October 21, 2012

North Country hunting season off to busy start

By Dan Ladd

---- — This is only the first weekend of the regular deer season and already there have been some interesting developments.

Most notable among them is the youth deer hunt that took place Columbus Day weekend across the state.

Last week, the Department of Environmental Conservation announced that of 12,753 youth hunters who were eligible for the season, 486 had reported taking deer. It should be noted that at the time of this announcement, the seven-day harvest reporting deadline had yet to pass. So that number could rise slightly.

Some local families got in on the action. Bill Barber Jr. of Essex County sent me an email detailing the double success that his 14-year-old son, John, had during the weekend.

The boy was hunting with his grandfather on the first day of the hunt when they encountered a bear. While the youth hunt was for deer, in the Northern Zone the bear season is open, so young John was able to harvest the bear. Bill said that he and his father have hunted this property for 20 years and had never seen a bear. Stories like that are popping up all over the Adirondacks this year.

On Columbus Day, Oct. 8, Bill and John took to the woods in the afternoon. The weren’t even to their ground blind when Bill spotted a deer. They were able to sneak into an ambush position and the boy harvested a 112-pound doe.

“It was one of the proudest moments that I have had of my son and one of the greatest weekends for myself, my father and my son. Three generations of Barber hunters,” Bill wrote.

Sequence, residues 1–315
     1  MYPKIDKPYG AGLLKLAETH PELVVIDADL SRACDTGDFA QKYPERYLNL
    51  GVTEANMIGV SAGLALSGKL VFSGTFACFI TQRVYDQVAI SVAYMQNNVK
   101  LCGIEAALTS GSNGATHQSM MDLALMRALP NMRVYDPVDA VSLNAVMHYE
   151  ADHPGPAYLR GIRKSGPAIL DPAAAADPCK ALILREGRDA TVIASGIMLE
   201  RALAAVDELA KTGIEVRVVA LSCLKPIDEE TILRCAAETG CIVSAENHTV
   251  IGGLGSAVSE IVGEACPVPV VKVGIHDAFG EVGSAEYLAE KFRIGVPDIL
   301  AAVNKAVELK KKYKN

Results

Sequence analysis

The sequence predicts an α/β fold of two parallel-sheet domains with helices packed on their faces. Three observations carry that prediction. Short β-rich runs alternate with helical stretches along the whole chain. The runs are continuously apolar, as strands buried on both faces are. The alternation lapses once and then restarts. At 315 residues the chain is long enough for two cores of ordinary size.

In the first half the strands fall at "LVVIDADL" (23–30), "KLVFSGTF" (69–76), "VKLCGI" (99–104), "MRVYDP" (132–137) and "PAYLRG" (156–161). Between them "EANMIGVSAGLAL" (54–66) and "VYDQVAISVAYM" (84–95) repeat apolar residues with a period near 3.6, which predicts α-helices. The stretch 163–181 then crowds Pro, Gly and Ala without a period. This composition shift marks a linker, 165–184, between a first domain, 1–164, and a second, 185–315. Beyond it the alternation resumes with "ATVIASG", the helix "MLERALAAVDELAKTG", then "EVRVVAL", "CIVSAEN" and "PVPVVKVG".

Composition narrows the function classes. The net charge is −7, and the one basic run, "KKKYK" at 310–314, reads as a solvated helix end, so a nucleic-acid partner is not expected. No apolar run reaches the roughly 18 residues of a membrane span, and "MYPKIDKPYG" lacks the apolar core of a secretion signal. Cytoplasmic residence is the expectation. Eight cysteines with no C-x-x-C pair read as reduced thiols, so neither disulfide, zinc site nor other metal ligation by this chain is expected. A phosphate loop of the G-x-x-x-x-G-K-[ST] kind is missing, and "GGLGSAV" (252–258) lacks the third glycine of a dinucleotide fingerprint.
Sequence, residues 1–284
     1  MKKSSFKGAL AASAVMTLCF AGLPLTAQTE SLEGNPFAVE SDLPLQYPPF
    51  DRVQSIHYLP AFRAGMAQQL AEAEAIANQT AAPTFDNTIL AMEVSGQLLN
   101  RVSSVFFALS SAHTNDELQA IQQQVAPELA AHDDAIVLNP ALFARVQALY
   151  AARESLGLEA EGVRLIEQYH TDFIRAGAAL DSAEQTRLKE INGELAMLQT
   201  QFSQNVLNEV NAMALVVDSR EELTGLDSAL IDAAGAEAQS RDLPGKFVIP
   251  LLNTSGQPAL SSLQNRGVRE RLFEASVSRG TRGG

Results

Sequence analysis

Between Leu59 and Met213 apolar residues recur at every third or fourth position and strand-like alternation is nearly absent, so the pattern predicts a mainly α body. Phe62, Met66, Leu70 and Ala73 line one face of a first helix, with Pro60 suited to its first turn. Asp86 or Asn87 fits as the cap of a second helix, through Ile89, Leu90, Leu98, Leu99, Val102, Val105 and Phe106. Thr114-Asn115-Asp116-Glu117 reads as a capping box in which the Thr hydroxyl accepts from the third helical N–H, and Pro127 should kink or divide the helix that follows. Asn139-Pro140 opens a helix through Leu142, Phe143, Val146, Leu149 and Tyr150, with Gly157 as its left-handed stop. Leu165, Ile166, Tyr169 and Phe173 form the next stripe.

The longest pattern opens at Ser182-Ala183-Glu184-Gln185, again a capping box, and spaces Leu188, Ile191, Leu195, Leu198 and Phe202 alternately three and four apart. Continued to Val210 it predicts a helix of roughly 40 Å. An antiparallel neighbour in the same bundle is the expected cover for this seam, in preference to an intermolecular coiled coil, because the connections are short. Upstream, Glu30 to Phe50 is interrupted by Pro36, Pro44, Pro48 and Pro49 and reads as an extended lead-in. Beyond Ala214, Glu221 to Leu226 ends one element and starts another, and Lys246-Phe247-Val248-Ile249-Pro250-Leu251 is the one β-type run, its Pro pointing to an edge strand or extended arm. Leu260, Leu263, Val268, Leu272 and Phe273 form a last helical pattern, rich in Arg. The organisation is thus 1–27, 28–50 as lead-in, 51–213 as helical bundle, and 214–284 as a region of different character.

I also got an email and photos from Robert Shea of Mineville who was equally as proud of his 14-year-old son, Riley. The father-son team hunted all weekend, and late on the second day of their hunt they spotted a fine buck exiting a swamp.

“Riley made a spectacular shot,” said his father.

The boy tied his tag on a dandy 8-point buck.

Stories like these have come in from all across New York state and I have posted more photos on my website,, if you’d like to see them.


Last Saturday’s opening day of muzzleloading season was one for the ages.

As the week drew to an end, the weather forecast predicted a hard frost overnight Friday into Saturday and a crisp morning for hunting. We expected deer to be moving and we were right.

While our gang is mostly drive hunters, we decided to separate into two groups of three hunters and cover different properties. We also decided to sit tight until about 10 a.m. and see if deer were on the move.

At 7:15 a.m. I heard a shot and knew it was one of our guys. Pretty soon I heard my hunting buddy, Scott Fowler, on the radio saying he got a buck and that it wasn’t a spike. I had to wait to see his fine 8-pointer.

My morning was quiet and peaceful but I didn’t see a deer. The rest of the gang regrouped except for me and we set up a drive. While sitting by his deer waiting for the rest of us, Scott observed a number of other deer. He was in the hot-spot for sure. The drive produced quite a few deer, including a few bucks, which we weren’t able to get good shots at. And, we’re not big on shooting does in this area as the deer herd is traditionally small to begin with.

But, after an easy winter and some logging in recent years that has created habitat, this spot seemed pretty good. A few days later one of our guys harvested a spike there.

Not a bad way to start the season.

And now we are into the regular (rifle) season that will run through Dec. 2. We’ve got a full moon coming Oct. 29 and the November rut lies just ahead.

It’s a great time to be a North Country deer hunter.

Dan Ladd is the author of “Deer Hunting in the Adirondacks,” outdoors editor for the Glens Falls Chronicle, columnist for Outdoors Magazine and contributor to New York Outdoor News. Contact him at